GEORGIA FARM BUREAU MUTUAL INSURANCE COMPANY v. DENA LAXTON ET AL.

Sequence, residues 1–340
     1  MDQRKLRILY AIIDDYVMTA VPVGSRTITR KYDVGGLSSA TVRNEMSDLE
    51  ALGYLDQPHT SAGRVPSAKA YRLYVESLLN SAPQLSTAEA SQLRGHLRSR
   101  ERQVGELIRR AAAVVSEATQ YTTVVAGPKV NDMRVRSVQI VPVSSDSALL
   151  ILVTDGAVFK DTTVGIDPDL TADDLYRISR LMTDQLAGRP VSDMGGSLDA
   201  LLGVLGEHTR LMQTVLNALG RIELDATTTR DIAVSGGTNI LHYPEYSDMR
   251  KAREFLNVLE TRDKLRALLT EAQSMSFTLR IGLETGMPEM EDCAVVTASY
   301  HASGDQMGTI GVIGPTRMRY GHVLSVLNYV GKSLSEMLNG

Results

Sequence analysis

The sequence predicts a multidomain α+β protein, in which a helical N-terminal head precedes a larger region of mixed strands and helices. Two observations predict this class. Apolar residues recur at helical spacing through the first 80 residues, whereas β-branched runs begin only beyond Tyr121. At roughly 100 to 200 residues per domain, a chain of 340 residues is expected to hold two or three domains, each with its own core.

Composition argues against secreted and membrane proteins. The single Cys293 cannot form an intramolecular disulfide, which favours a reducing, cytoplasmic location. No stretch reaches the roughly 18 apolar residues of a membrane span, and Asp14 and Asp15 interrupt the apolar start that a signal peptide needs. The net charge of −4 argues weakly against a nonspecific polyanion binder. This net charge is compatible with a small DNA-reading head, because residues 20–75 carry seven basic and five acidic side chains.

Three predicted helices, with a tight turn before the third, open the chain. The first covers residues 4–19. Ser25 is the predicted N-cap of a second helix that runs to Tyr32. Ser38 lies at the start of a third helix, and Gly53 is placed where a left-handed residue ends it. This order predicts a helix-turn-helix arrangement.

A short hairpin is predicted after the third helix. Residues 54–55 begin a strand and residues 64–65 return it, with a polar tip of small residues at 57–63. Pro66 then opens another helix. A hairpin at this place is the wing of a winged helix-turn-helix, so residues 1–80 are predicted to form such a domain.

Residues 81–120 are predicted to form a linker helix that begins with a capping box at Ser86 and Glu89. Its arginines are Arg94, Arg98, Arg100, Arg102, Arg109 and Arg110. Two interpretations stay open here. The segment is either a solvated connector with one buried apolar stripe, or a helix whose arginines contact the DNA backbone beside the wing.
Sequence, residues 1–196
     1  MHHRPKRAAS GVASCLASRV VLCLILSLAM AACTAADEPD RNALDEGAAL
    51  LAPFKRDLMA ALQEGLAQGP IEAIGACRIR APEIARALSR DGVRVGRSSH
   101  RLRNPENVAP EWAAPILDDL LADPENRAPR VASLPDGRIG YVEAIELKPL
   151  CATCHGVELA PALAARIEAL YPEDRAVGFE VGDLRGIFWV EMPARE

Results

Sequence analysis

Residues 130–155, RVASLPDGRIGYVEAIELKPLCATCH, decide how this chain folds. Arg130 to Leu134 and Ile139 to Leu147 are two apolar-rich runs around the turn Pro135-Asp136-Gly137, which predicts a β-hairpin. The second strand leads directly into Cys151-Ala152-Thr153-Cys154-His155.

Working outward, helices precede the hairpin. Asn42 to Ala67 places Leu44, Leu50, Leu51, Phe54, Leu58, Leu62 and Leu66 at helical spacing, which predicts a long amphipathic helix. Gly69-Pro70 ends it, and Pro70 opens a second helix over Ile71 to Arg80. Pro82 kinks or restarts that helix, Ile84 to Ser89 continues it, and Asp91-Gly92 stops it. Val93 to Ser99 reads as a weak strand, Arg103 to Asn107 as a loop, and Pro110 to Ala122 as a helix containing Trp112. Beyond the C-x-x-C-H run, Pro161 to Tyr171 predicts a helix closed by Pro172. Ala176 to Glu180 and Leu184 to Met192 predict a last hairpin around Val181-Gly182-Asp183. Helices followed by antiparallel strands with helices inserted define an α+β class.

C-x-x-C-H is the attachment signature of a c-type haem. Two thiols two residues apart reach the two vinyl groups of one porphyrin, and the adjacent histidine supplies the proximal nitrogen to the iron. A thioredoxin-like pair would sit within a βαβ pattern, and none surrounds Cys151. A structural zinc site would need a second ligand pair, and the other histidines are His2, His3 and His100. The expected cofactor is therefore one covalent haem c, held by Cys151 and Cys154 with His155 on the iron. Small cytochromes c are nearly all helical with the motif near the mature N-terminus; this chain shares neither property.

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THIRD DIVISION ELLINGTON, P. J., BETHEL, J., and SENIOR APPELLATE JUDGE PHIPPS NOTICE: Motions for reconsideration must be physically received in our clerk’s office within ten days of the date of decision to be deemed timely filed. http://www.gaappeals.us/rules April 2, 2018 In the Court of Appeals of Georgia A18A0737. GEORGIA FARM BUREAU MUTUAL INSURANCE COMPANY v. CLAXTON et al. BETHEL, Judge. Georgia Farm Bureau Mutual Insurance Company (“Georgia Farm Bureau”) brings this interlocutory appeal from the trial court’s denial of its motions for summary judgment in a declaratory judgment action it filed against Dena Claxton and Carl Lowery. Claxton and Lowery, both of whom hold insurance policies issued by Georgia Farm Bureau, were involved in a motor vehicle accident and sought coverage under their respective policies. Georgia Farm Bureau sought declaratory relief, claiming that there is no coverage available to Lowery and Claxton under their respective policies given the circumstances of the accident. Georgia Farm Bureau moved for summary judgment as to its coverage obligations on both claims, which the trial court denied. For the reasons set forth below, we affirm in part and reverse in part. Summary judgment is proper if the pleadings, depositions, answers to interrogatories, and admissions on file, together with the affidavits, if any, show that there is no genuine issue as to any material fact and that the moving party is entitled to a judgment as a matter of law[.] Summary judgments enjoy no presumption of correctness on appeal, and an appellate court must satisfy itself de novo that the requirements of OCGA § 9–11–56 (c) have been met. In our de novo review of the grant of a motion for summary judgment, we must view the evidence, and all reasonable inferences drawn therefrom, in the light most favorable to the nonmovant. Cowart v. Widener, 287 Ga. 622, 623-24 (1) (a) (697 SE2d 779) (2010) (citations and punctuation omitted); OCGA § 9-11-56 (c). So viewed, the largely undisputed record before us reflects that Lowery was operating a mule-drawn carriage in a Christmas parade organized by the City of McRae. Claxton was riding in the carriage. After the parade had ended, Lowery and Claxton were riding the carriage back to Lowery’s motor vehicle when the carriage was struck in the rear by a motor vehicle operated by a third party, resulting in injuries to Claxton. 2 In his deposition, Lowery stated that the carriage he was driving was designed to be pulled by one horse or mule. He further stated that the carriage was designed to only be pulled by an animal and could not be hooked up to a motor vehicle. The carriage was being pulled by a mule during the parade and at the time of the accident. Lowery did not charge Claxton a fee to ride in the carriage. Following the accident, Claxton filed suit against Lowery.1 In that action, which is separate from this case, she sought damages from Lowery arising out of the accident. Lowery holds a liability insurance policy with Georgia Farm Bureau, which he claims covers any liability he may have for Claxton’s injuries. In the same action, Claxton also claims that two uninsured motorist (“UM”) policies she holds with Georgia Farm Bureau also provide coverage for her injuries arising from the accident. The liability policy issued to Lowery contains an exclusion that Georgia Farm Bureau claims shields it from liability under the insurance contract. The exclusion provides that the policy “does not apply to . . . [t]he use of any livestock or other animal, with or without an accessory vehicle, for providing rides to any person for a 1 The complaint for the underlying action between Lowery and Claxton does not appear in the record before us. However, the record reflects that further action in that case has been stayed pending the outcome of this case. 3 fee or in connection with or during a fair, charitable function, or similar type of event[.]” The policy defines “livestock” to include mules. The UM policies issued to Claxton define “uninsured motor vehicle” to mean a “land motor vehicle or trailer of any type.” The policy defines “trailer” to mean a “vehicle designed to be pulled by a . . . [p]rivate passenger auto [or] [p]ickup or van.” In its declaratory judgment action, Georgia Farm Bureau filed a motion for summary judgment, seeking a declaration (a) that the livestock exclusion in Lowery’s policy applied and (b) that the carriage which Claxton was riding in was not an uninsured motor vehicle under the terms of Claxton’s UM policies. The trial court denied the motion as to both issues. Georgia Farm Bureau sought a certificate of immediate review, which the trial court issued. It then filed an application for interlocutory review, which this Court granted. This appeal followed. 1. Georgia Farm Bureau first argues that the trial court erred by denying its motion for summary judgment with regard to its claim that the exclusion for livestock in Lowery’s policy applies and that Georgia Farm Bureau has no liability to him under his policy. We agree with the trial court that summary judgment is not appropriate on this issue, but not for the reasons stated by the trial court. 4 The trial court’s order focused specifically on the phrase “for a fee,” determining that because neither Claxton or any other party had paid Lowery a fee to drive the carriage the exclusion did not apply. The trial court’s order states that the policy excludes coverage where the insured provides rides “for a fee in connection with or during a fair, charitable function or similar type of event.” However, the trial court’s order misstates this clause in the policy by omitting the word “or.” The actual terms of the policy provide an exclusion where the insured provides rides “for a fee or in connection with or during a fair, charitable function or similar type of event.” (emphasis supplied) The trial court’s omission of this small but critical word caused it to err in denying summary judgment on these grounds. However, even considering all the words in the language of the exclusionary clause, summary judgment on this claim is not appropriate because there is a genuine issue of fact as to whether the parade at which the accident occurred is a “similar type of event” to a fair or charitable function and whether, because the parade had concluded at the time of the accident, Lowery was providing a ride to Claxton in the carriage “in connection with” the event. It is undisputed that Claxton was utilizing a mule to draw the carriage at all relevant times, including during the parade and as he and Claxton were returning to Lowery’s vehicle at the time of the accident. However, 5 it remains disputed whether the parade constitutes a “fair, charitable function, or similar type of event.” Although Georgia Farm Bureau argues valiantly that the Christmas parade was within the broad range of activities encompassed by the words “similar type of event,” we disagree that those words are susceptible to only that meaning. In support of its argument, Georgia Farm Bureau cites a federal decision from Kentucky in which an exclusion involving the term “event” was found to apply. See Estate of Clem v. W. Heritage Ins. Co., No. 04-274-KSF, 2005 WL 6114321 at *4 (E.D.Ky. 2005). In that case, the provision excluded coverage for bodily injuries arising from “any contest, demonstration, event, exhibition, race or show.” Id. The language construed in the Kentucky case and the language of the exclusionary clause before us in this case are plainly distinguishable, as the words “similar type of” modify the word “event” in the exclusion before us, while “event” stands alone and unlimited in the Kentucky case. While the exclusionary language in the Kentucky case is broad and expansive, seemingly excluding liability arising from participation in virtually any type of “event,” in this case, we must go a step further. The inclusion of the words “similar type” require analysis of whether the Christmas parade (following which the accident here occurred) is similar to a fair or charitable function. 6 “The construction of an insurance contract is a matter of law for the court. When an exclusion is unambiguous and capable of but one reasonable construction, the trial court must expound the contract as made by the parties.” See Barnes v. Greater Ga. Life Ins. Co., 243 Ga. App. 149, 150 (1) (530 SE2d 748) (2000) (citations omitted). “A word or phrase is ambiguous when it is of uncertain meaning and may be fairly understood in more ways than one.” Id. at 150 (1) (citation omitted). Here, although numerous terms are supplied with definitions in Lowery’s insurance contract, the word “similar” is undefined. We must therefore consider the meaning of that term as it is usually and commonly employed. See Claussen v. Aetna Cas. & Sur. Co., 259 Ga. 333, 334 (1) (380 SE2d 686) (1989). Merriam-Webster Dictionary defines “similar” variously to mean “having characteristics in common” and “alike in substance or essentials.”2 Whether one thing is similar to another thing is necessarily a multi-faceted, qualitative, and subjective determination, and it is no less so in determining whether the parade at issue here is similar to a fair or charitable 2 S e e M e r r i a m - W e b s t e r , S i m i l a r , https://www.merriam-webster.com/dictionary/similar (last visited March 13, 2018). 7 function.3 In brief, whether something is similar to something else is almost inherently ambiguous. Because “[a]ny ambiguities in the contract are strictly construed against the insurer as drafter of the document [and] any exclusion from coverage sought to be invoked by the insurer is likewise strictly construed,”4 we cannot say that, as a matter of law, the Christmas parade was an event similar to a fair or charitable function. Thus, this issue is not ripe for summary adjudication. Likewise, whether Lowery was providing a ride in connection with the event at the time of the accident is also a question of fact. The record reflects that the parade had ended at the time of the accident and that Lowery and Claxton were riding the carriage back to Lowery’s vehicle. As with the determination of whether the parade constitutes a “similar type of event” contemplated by the insurance policy, whether 3 Depositions given by Lowery and Claxton do provide some evidence that is relevant to this issue. Both were asked about which entity or entities organized the parade, whether there was an entry fee, and whether the parade was associated with any other type of festivities, including booths or concessions. However, whether the circumstances surrounding the parade make it an event similar to a fair or charitable function is a matter subject to honest debate which is best resolved at trial. 4 Boardman Petroleum, Inc. v. Federated Mut. Ins. Co., 269 Ga. 326, 328 (498 SE2d 492) (1998) (citation omitted). 8 Lowery’s act of driving back to his vehicle was taken in connection with the parade is a question of fact for a jury to resolve. In light of the foregoing, summary adjudication of Georgia Farm Bureau’s claim in regard to Lowery’s policy is not appropriate. We therefore affirm the trial court’s denial of Georgia Farm Bureau’s motion for summary judgment in regard to its coverage obligations under Lowery’s policy. 2. Georgia Farm Bureau next argues that the trial court erred in denying its motion for summary judgment in regard to its coverage obligations under Claxton’s UM policies. Here, the record before us makes clear that the carriage Claxton was riding in was not a motor vehicle under the terms of her UM policy. The policies define an “uninsured motor vehicle” as a “land motor vehicle or trailer of any type.” The parties seemingly agree that the carriage was not a land motor vehicle. The policy defines “trailer” to mean a “vehicle designed to be pulled by a . . . [p]rivate passenger auto [or] [p]ickup or van.” Claxton and Lowery argue that the inclusion of the words “of any type” after “trailer” suggest that the policy is meant to give the most expansive application possible to the term “trailer.” However, the definition of the term “trailer” in the UM policies sets a clear outer boundary relevant to the issues in this case: in order to 9 qualify as a trailer that can be considered an uninsured motor vehicle, the vehicle must be designed in such a way that it can be pulled by private passenger autos, pickups, or vans. The undisputed testimony in the record shows that the carriage Claxton was riding in was designed only to be drawn by an animal and that it specifically could not be attached to or pulled by a motor vehicle. Thus, there is no genuine issue of fact as to whether the carriage constituted a trailer under the terms of Claxton’s UM policies, and summary judgment was improperly denied by the trial court as to Georgia Farm Bureau’s coverage obligations under those policies. See Mason v. Allstate Ins. Co., 298 Ga. App. 308, 310 (1) (a) (680 SE2d 168) (2009) (“When an exclusion is unambiguous and capable of but one reasonable construction, the trial court must expound the contract as made by the parties.” (citation omitted)). We therefore reverse the trial court’s denial of summary judgment on this issue. Judgment affirmed in part and reversed in part. Ellington, P. J., and Senior Appellate Judge Herbert E. Phipps, J., concur. 10